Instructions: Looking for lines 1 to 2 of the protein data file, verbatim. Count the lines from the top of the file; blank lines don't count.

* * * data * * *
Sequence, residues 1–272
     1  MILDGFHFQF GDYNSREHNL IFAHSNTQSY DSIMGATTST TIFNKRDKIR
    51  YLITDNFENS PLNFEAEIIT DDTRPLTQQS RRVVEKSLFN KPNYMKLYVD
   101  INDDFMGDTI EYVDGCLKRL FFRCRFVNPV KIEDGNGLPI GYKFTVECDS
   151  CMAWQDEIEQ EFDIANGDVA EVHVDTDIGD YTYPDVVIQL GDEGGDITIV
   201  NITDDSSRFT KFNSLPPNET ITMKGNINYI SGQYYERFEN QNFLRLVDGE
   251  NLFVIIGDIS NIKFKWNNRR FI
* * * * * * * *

Sequence, residues 1–272
     1  MILDGFHFQF GDYNSREHNL IFAHSNTQSY DSIMGATTST TIFNKRDKIR